Friday, January 28, 2005

Housing boom spawns a home-repair craze

By Kenneth R. Harney/ Housing Update
Friday, January 28, 2005
WASHINGTON - A new study finds Americans spend nearly $250 billion annually on home improvements - much of it on high-end kitchens or other big-ticket projects.
Baby boomers - those born between 1946 and 1964 - especially spend big, according to the report, produced by Harvard University's Joint Center for Housing Studies.
Researchers found that 60 percent of baby boomers completed home-renovation projects in 2003, spending a collective $72 billion.
But Generation Xers (those born between 1965 and 1974) are rapidly catching up. From 1995 to 2003, the number of Gen Xers who owned homes tripled - and their remodeling expenditures soared more than fivefold.
The Harvard report looked primarily at home-renovation spending.
But along the way, the study also uncovered some interesting facts about America's socioeconomic climate. For instance, the report found that:
The income gap between rich and poor households is widening. The average income for the top 20 percent of households is now 15 times that of the bottom 20 percent. That's up from less than 9-to-1 in 1975.
Among the top 25 percent of households in income terms, 90 percent own their own homes. By contrast, only 49 percent of the bottom 25 percent own their own residences.
Minority and immigrant families accounted for 35 percent of all first-time home buyers during 2003.
Home-equity growth among all categories of owners powered consumer spending in recent years, greatly softening the 2001-02 recession.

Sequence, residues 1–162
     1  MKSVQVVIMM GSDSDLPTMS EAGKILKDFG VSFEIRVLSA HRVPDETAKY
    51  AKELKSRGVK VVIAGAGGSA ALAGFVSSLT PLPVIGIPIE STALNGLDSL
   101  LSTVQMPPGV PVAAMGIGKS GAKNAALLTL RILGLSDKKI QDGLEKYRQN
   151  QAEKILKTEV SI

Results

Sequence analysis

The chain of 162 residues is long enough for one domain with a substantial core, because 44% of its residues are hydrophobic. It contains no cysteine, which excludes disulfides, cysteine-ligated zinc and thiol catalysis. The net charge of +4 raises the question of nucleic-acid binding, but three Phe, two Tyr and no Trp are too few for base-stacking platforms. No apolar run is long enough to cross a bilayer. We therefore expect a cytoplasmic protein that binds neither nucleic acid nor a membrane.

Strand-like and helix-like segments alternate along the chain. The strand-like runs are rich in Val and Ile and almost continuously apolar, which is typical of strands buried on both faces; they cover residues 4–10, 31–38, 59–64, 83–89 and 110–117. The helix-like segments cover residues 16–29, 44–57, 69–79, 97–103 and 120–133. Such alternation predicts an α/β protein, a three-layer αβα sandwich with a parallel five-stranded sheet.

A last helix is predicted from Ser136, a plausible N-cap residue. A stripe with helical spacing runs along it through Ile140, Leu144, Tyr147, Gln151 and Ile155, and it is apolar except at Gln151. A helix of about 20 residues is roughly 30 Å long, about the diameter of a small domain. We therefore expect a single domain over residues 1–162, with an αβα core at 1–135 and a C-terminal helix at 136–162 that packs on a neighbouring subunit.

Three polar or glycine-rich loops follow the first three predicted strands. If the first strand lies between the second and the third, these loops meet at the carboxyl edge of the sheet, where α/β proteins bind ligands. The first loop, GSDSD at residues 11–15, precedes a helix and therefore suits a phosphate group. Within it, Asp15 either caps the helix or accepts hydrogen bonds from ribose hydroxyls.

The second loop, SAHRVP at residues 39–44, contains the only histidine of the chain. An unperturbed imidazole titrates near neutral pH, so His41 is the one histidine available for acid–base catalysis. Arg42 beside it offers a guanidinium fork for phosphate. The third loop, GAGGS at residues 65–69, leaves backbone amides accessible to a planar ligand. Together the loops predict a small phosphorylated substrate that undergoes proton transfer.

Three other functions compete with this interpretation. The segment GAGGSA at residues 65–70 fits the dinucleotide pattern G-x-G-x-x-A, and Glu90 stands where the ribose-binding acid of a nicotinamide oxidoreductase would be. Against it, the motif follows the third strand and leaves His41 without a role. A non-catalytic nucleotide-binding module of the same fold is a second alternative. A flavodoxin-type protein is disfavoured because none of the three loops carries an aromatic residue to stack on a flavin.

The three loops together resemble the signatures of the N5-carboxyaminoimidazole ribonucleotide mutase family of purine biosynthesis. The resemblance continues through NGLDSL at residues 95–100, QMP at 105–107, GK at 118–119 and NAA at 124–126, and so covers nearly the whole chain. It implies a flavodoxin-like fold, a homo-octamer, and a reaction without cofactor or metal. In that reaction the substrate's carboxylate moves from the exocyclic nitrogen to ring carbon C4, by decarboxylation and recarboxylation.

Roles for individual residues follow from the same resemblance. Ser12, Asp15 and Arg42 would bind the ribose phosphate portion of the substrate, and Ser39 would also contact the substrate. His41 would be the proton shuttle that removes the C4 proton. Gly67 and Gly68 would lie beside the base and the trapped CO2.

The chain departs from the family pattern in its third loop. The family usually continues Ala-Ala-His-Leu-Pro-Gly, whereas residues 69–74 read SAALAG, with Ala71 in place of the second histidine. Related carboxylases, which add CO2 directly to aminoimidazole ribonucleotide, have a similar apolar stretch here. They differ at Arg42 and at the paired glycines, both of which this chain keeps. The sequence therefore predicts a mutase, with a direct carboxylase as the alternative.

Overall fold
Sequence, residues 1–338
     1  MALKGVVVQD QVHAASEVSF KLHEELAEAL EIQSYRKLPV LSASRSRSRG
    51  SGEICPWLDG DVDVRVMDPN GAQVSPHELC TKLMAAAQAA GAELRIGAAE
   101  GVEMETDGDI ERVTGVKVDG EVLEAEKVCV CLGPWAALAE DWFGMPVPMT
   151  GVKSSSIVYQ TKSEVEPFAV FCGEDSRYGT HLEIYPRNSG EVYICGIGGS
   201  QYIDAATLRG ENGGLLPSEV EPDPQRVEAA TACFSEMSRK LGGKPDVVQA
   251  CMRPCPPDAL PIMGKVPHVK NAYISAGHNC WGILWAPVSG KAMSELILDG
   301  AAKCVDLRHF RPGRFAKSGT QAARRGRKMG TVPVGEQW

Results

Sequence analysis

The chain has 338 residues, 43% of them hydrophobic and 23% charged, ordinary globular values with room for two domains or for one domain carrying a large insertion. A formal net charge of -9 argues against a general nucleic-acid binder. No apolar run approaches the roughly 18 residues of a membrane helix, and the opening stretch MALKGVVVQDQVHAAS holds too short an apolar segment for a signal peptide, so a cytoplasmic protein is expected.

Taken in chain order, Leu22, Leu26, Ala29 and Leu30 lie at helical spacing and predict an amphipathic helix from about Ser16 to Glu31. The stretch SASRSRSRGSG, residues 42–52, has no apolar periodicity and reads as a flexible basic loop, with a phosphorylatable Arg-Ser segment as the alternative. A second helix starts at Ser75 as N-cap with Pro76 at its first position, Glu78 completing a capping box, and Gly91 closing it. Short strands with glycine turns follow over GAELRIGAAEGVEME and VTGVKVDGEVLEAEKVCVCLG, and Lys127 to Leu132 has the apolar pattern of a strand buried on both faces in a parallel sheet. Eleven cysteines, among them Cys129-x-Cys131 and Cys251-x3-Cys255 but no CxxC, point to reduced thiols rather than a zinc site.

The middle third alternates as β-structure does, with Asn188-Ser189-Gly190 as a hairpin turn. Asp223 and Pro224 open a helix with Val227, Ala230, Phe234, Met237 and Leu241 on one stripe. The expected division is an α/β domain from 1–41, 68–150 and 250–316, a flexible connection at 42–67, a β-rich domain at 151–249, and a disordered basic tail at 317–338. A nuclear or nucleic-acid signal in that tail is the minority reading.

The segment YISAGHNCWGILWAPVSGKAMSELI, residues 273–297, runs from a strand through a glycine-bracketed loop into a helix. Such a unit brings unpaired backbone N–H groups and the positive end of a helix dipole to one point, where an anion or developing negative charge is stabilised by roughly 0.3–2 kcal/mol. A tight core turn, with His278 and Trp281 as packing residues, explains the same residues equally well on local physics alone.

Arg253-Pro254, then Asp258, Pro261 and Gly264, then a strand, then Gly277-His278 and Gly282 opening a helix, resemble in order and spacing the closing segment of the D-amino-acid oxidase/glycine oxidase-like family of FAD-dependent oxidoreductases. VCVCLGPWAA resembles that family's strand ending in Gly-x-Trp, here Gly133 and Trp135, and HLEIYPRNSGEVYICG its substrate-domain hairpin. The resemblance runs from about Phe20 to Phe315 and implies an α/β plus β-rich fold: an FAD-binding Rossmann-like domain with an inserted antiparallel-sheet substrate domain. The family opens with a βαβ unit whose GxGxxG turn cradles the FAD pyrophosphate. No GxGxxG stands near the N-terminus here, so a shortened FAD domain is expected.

Not only did home-equity gains produce a ``wealth effect'' - giving homeowners enough confidence to buy goods and services - they also produced the necessary cash. Homeowners pulled out $333 billion in home equity via cash-out refinancings between 2001 and 2003. That's nearly triple the preceding three years' level.
Some interesting facts the study uncovered about home-renovation spending:
One-third of all cash-out-refinacing proceeds go toward home improvements.
Homes worth $400,000 and up represent just 11 percent of total owner-occupied units. But owners of these homes accounted for 43 percent of all 2002-03 spending on additions, and about a third of expenditures on kitchen and bathroom remodeling.
All but 15 percent of the $40 billion the high-end homeowners spent on home renovations in 2003 went to professional contractors. By contrast, those who owned homes worth $100,000 or less spent some 33 percent of their home-repair funds on do-it-yourself projects.
Some 41 percent of Gen Xers' home-improvement spending went toward do-it-yourself projects. By contrast, only 26 percent of baby boomer's home-improvement money covered do-it-yourself work.